Moody's raised the debt rating of Portugal one notch to Ba2 Friday and said a further upgrade was possible as the country begins to pull away from its financial crisis.
"Portugal's fiscal situation has improved more rapidly than initially targeted and the public debt ratio will start declining this year," Moody's said.
A Ba2 rating leaves Portugal in junk bond territory, two notches below investment grade.
Moody's noted that the country's fiscal deficit had been reduced by one percentage point more than expected last year, "indicating the government's strong commitment to fiscal consolidation."
It also pointed to Lisbon's expected graduation within weeks from its three-year International Monetary Fund-European Union bailout program, and that it will not likely need to lean on the European Stability Mechanism for more protective support after that happens.
"Portugal has regained access to the public debt markets and in addition the government has built up sizeable cash buffers."
Its economic recovery "is gaining momentum, with signs of broadening beyond exports, which continue to perform strongly."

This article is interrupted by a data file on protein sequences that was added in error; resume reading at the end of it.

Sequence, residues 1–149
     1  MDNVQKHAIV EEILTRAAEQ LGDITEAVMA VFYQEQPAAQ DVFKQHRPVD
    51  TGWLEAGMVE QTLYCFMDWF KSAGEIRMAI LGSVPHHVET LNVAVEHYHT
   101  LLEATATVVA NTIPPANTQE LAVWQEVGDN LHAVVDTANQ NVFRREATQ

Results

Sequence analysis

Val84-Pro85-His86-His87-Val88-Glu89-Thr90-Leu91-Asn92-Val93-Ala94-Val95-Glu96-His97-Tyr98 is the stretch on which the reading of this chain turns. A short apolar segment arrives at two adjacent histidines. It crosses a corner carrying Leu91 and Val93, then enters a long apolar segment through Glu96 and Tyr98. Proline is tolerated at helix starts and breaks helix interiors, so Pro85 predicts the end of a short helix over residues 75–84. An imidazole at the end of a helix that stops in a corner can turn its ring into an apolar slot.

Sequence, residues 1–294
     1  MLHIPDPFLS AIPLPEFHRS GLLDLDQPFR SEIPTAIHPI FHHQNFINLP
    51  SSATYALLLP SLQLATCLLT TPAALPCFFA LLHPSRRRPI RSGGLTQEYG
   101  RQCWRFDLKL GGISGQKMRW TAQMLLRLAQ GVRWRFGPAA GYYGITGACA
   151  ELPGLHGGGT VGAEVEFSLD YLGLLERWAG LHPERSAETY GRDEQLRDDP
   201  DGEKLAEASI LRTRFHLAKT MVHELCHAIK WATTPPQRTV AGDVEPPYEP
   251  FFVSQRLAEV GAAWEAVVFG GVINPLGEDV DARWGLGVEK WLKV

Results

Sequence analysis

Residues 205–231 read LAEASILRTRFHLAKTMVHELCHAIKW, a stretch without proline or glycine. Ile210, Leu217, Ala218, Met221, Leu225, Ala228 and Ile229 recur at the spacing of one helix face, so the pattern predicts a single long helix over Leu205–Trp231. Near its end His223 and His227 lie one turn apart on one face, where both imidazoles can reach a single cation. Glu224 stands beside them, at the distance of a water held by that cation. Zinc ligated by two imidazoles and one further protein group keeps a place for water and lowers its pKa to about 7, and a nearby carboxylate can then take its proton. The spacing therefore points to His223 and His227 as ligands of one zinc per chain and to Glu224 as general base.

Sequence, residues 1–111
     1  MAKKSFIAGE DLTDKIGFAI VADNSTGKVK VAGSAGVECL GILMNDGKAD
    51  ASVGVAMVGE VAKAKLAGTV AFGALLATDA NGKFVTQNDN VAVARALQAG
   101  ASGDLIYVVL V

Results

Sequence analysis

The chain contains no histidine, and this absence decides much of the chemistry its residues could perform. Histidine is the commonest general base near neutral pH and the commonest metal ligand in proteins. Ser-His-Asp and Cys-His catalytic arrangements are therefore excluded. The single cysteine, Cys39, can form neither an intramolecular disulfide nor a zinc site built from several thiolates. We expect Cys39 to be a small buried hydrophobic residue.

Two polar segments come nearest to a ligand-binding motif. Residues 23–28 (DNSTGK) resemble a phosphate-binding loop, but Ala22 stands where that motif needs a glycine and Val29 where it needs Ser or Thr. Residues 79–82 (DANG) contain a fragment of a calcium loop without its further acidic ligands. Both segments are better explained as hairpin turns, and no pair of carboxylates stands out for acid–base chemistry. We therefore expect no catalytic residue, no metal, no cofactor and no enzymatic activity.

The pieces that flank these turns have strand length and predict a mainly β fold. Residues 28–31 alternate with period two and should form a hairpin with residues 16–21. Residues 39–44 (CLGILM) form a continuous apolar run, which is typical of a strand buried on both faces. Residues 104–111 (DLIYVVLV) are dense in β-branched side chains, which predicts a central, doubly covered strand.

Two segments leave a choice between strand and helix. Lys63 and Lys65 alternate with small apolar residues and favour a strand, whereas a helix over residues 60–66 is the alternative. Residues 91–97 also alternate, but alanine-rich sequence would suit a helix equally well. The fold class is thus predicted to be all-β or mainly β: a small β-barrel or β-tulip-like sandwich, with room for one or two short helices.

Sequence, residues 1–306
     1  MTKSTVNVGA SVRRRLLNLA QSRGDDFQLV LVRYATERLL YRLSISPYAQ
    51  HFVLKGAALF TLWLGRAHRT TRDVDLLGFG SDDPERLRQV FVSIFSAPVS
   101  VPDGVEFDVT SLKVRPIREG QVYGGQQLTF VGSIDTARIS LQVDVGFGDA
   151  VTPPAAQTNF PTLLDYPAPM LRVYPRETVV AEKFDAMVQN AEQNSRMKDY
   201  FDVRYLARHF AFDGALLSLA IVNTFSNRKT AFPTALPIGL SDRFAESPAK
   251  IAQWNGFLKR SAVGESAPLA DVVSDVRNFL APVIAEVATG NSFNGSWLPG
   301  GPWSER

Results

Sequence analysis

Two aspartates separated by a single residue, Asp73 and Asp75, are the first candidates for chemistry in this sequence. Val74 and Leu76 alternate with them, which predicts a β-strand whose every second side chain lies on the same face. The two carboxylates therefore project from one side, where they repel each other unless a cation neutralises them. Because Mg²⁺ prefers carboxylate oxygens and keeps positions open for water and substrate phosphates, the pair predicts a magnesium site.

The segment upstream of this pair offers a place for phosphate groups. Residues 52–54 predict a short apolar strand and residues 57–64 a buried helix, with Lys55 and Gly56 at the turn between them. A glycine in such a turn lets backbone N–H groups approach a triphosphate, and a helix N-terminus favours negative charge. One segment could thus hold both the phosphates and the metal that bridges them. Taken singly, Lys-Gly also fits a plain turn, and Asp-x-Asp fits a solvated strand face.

Moody's said it has the country now under review for another upgrade, saying the government's creditworthiness "can improve" in the short term.
An upgrade would happen if the country manages to bring its public debt ratio, now near a high 130 percent of gross domestic product, onto "a clear downward path in the coming years."
Earlier Friday Moody's rival Standard & Poor's upgraded the outlook for Portugal's creditworthiness, citing the bailed-out nation's unexpectedly strong economic and deficit-cutting performance.
Standard & Poor's said it had raised the outlook to "stable" from "negative" for Portugal's long-term sovereign debt, which is rated at a junk-bond equivalent BB, and its short-term sovereign debt, which is rated at B.